Marlborough, Mass.-based Hologic paid $66 per share for a total of 17 million shares of Class A stock, representing approximately 70.6% of the company’s outstanding shares.
“We are pleased to complete our acquisition of Cynosure, and look forward to working with Michael Davin and the entire Cynosure team to achieve even greater success in the large, rapidly growing medical aesthetics market. Acquiring Cynosure, combined with divesting our blood screening business, fundamentally reshapes our business portfolio and makes us a stronger, faster-growing company,” Hologic chair, prez & CEO Steve MacMillan said in a press release.
Hologic said that upon closure, Cynosure has become a wholly owned subsidiary of the company, with a discussion of financial implications of the purchase slated for May 10, along with the release of its 2nd quarter earnings.
Morgan Stanley acted as financial advisor to Hologic, while Wachtell, Lipton, Rosen & Katz served as legal advisor. Leerink Partners acted as financial advisor to Cynosure, with Wilmer Culter Pickerin Hale and Dorr as legal advisor.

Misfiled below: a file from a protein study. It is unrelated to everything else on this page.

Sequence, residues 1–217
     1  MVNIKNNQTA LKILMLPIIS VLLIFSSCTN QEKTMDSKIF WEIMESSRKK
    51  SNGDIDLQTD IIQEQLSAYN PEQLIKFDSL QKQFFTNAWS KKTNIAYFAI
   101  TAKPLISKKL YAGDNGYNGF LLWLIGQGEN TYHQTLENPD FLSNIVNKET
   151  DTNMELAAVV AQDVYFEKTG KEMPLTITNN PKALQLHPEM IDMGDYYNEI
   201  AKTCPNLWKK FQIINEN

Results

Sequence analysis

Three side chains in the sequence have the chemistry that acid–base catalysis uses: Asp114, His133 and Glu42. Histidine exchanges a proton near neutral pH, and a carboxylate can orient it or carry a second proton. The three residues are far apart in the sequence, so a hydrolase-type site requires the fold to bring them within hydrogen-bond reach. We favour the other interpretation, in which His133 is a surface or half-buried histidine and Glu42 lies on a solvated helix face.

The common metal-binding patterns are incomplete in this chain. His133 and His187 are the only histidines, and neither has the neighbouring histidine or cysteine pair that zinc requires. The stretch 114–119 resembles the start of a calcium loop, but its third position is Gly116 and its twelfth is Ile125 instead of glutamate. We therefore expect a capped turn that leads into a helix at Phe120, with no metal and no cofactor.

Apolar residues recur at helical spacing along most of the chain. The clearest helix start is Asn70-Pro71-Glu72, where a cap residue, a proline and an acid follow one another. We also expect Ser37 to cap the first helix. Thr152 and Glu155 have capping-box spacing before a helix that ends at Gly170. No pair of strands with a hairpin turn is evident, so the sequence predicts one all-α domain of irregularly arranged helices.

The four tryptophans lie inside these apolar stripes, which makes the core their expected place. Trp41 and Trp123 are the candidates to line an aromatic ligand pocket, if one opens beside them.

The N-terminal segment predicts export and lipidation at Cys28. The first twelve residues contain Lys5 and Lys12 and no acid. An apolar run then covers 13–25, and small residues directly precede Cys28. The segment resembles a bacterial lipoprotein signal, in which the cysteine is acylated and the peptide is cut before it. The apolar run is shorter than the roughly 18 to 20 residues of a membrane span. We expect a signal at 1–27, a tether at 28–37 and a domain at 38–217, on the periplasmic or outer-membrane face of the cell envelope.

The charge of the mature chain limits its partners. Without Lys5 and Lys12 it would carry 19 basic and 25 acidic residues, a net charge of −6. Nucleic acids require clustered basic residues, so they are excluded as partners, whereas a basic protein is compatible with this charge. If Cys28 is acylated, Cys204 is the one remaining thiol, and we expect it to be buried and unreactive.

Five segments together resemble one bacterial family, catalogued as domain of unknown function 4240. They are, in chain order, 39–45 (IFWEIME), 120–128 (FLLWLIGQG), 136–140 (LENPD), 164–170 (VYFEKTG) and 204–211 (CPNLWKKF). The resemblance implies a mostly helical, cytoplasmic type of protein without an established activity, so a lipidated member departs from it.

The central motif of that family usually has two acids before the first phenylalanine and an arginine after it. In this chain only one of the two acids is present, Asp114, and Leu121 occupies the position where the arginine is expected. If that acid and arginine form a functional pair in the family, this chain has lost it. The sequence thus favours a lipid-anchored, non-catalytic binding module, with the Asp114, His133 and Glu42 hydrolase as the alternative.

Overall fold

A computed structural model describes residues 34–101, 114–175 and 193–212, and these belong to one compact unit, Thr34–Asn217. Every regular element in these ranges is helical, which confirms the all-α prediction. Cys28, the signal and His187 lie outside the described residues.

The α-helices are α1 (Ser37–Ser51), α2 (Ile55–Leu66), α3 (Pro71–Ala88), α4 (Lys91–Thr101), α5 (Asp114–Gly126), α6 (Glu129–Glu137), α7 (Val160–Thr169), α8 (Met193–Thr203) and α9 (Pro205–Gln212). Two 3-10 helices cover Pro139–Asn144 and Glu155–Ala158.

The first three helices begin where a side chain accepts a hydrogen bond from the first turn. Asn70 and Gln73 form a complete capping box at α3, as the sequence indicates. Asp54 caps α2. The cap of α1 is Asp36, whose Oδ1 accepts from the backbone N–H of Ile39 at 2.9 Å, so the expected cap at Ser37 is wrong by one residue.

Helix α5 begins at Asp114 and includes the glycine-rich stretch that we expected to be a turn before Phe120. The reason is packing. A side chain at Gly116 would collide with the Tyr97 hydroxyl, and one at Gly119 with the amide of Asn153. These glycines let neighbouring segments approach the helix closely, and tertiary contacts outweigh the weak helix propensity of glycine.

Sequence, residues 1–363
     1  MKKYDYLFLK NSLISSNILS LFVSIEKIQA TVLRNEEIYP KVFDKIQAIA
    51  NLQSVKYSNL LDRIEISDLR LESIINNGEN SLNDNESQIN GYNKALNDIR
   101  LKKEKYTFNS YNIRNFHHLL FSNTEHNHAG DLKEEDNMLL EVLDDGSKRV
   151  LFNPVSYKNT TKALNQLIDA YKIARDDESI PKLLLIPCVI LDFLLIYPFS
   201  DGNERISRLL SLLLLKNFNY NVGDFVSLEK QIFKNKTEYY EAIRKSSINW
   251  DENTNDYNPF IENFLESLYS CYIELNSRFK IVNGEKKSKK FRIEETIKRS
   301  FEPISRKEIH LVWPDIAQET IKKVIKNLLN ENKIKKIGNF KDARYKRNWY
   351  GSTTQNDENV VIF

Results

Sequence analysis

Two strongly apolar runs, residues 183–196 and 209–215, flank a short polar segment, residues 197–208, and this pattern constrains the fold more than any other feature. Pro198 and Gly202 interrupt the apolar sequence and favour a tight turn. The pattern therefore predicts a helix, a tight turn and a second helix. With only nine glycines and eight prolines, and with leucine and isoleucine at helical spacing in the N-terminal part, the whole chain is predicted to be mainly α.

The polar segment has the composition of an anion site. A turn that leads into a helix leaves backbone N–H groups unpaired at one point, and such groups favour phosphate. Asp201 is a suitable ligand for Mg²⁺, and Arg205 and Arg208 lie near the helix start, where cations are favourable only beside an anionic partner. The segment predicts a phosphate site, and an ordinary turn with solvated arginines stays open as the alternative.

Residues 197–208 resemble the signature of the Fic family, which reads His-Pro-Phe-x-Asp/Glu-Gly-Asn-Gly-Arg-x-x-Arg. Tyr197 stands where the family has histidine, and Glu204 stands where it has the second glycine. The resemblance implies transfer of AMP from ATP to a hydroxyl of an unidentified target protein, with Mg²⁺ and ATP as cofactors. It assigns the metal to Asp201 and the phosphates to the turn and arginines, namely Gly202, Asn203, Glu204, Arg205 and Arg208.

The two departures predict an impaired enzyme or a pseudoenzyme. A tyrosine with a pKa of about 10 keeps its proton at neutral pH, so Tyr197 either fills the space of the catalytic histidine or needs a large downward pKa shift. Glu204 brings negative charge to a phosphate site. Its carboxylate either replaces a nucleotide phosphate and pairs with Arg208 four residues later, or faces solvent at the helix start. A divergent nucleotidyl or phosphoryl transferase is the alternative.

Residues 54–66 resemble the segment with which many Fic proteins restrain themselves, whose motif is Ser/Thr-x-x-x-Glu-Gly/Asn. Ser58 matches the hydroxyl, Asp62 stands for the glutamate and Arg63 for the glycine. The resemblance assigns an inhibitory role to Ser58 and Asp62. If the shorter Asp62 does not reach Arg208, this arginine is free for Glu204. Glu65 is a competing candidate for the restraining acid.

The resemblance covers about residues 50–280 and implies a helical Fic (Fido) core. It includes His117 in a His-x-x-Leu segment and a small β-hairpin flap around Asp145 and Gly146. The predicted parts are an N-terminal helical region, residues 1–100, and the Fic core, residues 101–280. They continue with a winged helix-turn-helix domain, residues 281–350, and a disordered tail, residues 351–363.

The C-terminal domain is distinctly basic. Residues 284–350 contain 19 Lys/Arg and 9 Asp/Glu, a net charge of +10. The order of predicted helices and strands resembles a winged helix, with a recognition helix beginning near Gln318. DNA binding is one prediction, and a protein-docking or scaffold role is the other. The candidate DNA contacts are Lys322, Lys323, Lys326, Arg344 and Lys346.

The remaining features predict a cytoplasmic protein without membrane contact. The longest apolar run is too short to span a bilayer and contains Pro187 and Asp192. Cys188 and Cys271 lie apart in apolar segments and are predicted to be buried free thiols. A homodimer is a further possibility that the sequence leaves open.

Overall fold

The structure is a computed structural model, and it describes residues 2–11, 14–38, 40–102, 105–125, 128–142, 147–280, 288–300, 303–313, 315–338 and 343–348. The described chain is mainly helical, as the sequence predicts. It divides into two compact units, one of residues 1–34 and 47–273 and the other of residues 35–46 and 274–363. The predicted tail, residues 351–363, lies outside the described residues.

Last month, Cynosure faced a class action lawsuit from shareholders who looked to halt the company’s proposed $1.44 billion sale to Hologic, alleging that Cynosure’s regulatory filing recommending the transaction is missing crucial information about the company’s financial projections and the process that led up to the deal.
The complaint, filed in the U.S. District Court for Massachusetts, suggested that the filing is misleading and that shareholders don’t have enough information to ensure the proposed transaction is a good deal.
At DeviceTalks Boston, Tyler Shultz will give attendees an inside look at Theranos and how he was able to sound the alarm after he realized the company was falling apart. Shultz will take attendees behind the story that everyone is talking about: the rise and fall of Elizabeth Holmes and her diagnostic company, Theranos.
Join Shultz and 1,000+ medical device professionals at the 8th annual DeviceTalks Boston.